We then took a city bus to the Seurassari Open-Air Museum. The museum, which preserves traditional Finnish structures collected and brought to the island from around the country — including even from East Karelia, the former part of Finland that Russia absorbed after World War II. The museum is located on an island reached by a small footbridge. The museum takes up only about a third of the island. The rest of the island is parkland. The museum was interesting. One of the highlights was the 17th century Karuna Church. It turned out that because we visited relatively early in the season, many of the buildings were not yet open to visitors. However, it turned out that the more interesting part of the visit involved strolling around park covering the rest of the island. We had other elaborate plans about how we were going to spend the rest of the afternoon, but once we started strolling along the shoreline, we abandoned our other ideas and spent the rest of the afternoon exploring the island. Many of the spring wildflowers were in bloom, including wild purple pansies and marsh marigolds.
While we were walking, I spotted a very large hare (who, it must be noted, has a very distinctive facial expression in the photograph below). I tried to swing around him to photograph him from a better angle, but he proved to be camera shy, and he bolted for the bushes. While I was trying to find him again, I stumbled on this amazing Finnish pheasant. Later, I spotted an impressive barnacle goose sitting on the roof top of a wooden boathouse. We also saw some other adult barnacle geese with their young offspring.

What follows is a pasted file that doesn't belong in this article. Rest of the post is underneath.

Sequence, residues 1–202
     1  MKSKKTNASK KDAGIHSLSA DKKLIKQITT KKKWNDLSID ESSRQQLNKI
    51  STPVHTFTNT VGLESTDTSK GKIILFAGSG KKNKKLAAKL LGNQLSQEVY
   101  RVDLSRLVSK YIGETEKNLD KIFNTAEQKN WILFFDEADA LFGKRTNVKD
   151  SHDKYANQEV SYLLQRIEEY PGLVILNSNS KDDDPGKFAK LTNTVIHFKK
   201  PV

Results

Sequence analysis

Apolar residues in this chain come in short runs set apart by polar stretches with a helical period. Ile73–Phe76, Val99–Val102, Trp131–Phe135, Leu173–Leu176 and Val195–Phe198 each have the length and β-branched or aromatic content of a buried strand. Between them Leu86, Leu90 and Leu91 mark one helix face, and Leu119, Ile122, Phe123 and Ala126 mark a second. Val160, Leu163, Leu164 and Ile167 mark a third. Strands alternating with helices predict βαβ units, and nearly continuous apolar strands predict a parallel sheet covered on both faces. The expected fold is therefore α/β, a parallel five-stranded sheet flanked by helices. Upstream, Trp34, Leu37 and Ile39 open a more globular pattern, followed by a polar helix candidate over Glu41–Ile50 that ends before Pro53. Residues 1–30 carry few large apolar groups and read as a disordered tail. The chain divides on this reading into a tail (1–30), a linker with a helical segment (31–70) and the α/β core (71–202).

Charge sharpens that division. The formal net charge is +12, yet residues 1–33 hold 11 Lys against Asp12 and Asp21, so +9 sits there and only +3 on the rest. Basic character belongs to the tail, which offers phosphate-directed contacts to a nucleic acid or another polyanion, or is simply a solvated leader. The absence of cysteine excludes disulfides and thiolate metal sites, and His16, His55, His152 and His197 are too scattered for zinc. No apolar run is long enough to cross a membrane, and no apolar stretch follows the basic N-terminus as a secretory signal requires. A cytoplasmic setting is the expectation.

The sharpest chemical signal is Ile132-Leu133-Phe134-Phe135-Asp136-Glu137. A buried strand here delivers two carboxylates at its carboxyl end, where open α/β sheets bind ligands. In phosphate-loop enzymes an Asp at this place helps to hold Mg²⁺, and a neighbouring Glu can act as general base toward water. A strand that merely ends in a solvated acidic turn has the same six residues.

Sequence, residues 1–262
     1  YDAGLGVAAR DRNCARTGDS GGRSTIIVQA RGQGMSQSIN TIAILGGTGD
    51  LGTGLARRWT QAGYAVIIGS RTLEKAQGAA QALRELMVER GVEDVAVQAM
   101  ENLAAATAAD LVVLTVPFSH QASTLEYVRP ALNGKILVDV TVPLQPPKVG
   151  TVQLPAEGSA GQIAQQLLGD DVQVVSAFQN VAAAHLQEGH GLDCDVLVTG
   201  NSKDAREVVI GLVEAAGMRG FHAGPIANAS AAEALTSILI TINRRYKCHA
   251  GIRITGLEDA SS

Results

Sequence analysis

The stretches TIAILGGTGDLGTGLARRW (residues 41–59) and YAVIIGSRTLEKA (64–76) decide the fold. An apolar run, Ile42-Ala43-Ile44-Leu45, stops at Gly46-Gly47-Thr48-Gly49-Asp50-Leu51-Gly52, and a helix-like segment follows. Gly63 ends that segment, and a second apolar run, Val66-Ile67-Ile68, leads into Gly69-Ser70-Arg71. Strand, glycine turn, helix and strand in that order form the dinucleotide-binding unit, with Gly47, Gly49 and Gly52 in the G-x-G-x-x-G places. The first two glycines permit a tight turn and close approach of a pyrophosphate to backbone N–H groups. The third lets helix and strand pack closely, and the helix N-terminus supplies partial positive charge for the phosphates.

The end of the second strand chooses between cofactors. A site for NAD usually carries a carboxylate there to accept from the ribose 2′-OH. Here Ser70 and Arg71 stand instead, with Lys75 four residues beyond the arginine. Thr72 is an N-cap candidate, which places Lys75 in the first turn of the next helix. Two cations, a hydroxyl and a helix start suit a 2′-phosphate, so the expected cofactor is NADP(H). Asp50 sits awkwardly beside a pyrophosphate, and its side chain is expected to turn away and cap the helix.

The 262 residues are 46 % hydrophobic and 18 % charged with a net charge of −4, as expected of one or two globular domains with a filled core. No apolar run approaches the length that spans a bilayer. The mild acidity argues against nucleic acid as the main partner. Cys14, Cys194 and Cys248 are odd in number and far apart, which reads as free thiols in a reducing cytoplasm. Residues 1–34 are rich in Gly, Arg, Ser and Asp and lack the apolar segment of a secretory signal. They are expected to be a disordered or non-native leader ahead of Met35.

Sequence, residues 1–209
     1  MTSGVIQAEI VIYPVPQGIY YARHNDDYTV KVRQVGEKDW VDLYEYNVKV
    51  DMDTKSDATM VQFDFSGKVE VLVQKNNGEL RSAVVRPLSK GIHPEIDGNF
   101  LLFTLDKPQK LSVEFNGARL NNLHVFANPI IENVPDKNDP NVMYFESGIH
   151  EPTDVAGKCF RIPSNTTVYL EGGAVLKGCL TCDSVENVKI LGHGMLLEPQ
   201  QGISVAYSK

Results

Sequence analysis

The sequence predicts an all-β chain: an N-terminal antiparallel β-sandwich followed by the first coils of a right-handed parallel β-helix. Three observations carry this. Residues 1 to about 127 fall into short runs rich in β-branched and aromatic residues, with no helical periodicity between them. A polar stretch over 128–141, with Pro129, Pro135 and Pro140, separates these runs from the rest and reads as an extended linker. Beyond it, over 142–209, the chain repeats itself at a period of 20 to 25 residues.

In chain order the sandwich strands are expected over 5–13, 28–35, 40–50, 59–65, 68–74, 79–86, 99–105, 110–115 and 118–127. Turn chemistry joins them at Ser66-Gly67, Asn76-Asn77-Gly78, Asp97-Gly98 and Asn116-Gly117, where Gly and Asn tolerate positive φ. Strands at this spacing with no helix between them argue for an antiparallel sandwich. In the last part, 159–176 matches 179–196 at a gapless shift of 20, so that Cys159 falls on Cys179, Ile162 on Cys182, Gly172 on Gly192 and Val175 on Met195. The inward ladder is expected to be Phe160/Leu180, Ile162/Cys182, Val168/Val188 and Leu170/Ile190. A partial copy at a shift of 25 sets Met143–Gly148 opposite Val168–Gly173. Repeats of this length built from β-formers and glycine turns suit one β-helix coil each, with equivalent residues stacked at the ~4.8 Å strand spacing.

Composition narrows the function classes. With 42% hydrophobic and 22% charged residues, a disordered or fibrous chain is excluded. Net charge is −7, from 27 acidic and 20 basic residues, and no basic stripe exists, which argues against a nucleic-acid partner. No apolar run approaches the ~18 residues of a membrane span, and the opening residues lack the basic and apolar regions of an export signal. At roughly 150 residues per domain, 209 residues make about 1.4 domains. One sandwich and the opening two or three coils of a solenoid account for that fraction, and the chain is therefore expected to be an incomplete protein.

After thoroughly exploring the island, we caught a bus back into the central city, where, before heading back to our hotel, we visited the Orthodox cathedral, which sits on a prominent hilltop just east of the harbor.
One of the interesting things we learned during our visit is that Finland is a bilingual country. The streets signs, menus, maps, and other publications almost always appeared in both Finnish and Swedish (as shown on the street sign below). Though I do not speak either of these languages, communication was not an issue – just about everyone in Helsinki speaks perfect English. Just the same, by moving around the city, we were brought into regular contact with the Finnish language. There are some interesting things to know about the Finnish language. The first is that people in the country we call Finland refer to their country and their language as Suomi. The Finnish (or Suomi) language is unlike just about any other language you have heard. As one of Uralic languages, it is unrelated to most other European languages, other than Estonian and Hungarian. As a consequence, there few cognates, making it a particularly challenging language to encounter. For example, it is fair to say that during the lengthy sermon at Sunday morning’s church service, we did not understand a single word the pastor spoke. Written Finnish is also interesting; the language makes unusually profligate use of the letters k, j and y, and also features heavy use of vowels with a wide variety of typographical indicators. Clearly, an entirely different set of tiles would be required to play Scrabble in Finnish.
We were pleased to learn that the Finnish people are remarkably open and friendly. The Finns seem to embody the feeling and spirit of their distinctive national song, the Finlandia Hymn, the tune for which was written by the country’s most famous composer, Jean Sibelius. It is kind of funny; the first couple of days we were in Finland, I caught myself unconsciously humming the song’s melody. The version of the hymn’s lyrics known as “This is My Song” or as “The Song of Peace” seem to me to be particularly appropriate in the global set of circumstances in which we find ourselves today. Because it captures Finland’s spirit so well I have included (following the last set of pictures below) a link to a music video of a vocal performance of the song. I encourage everyone to enjoy the video and in particular to listen to the song’s stirring lyrics.
More Pictures of Helsinki: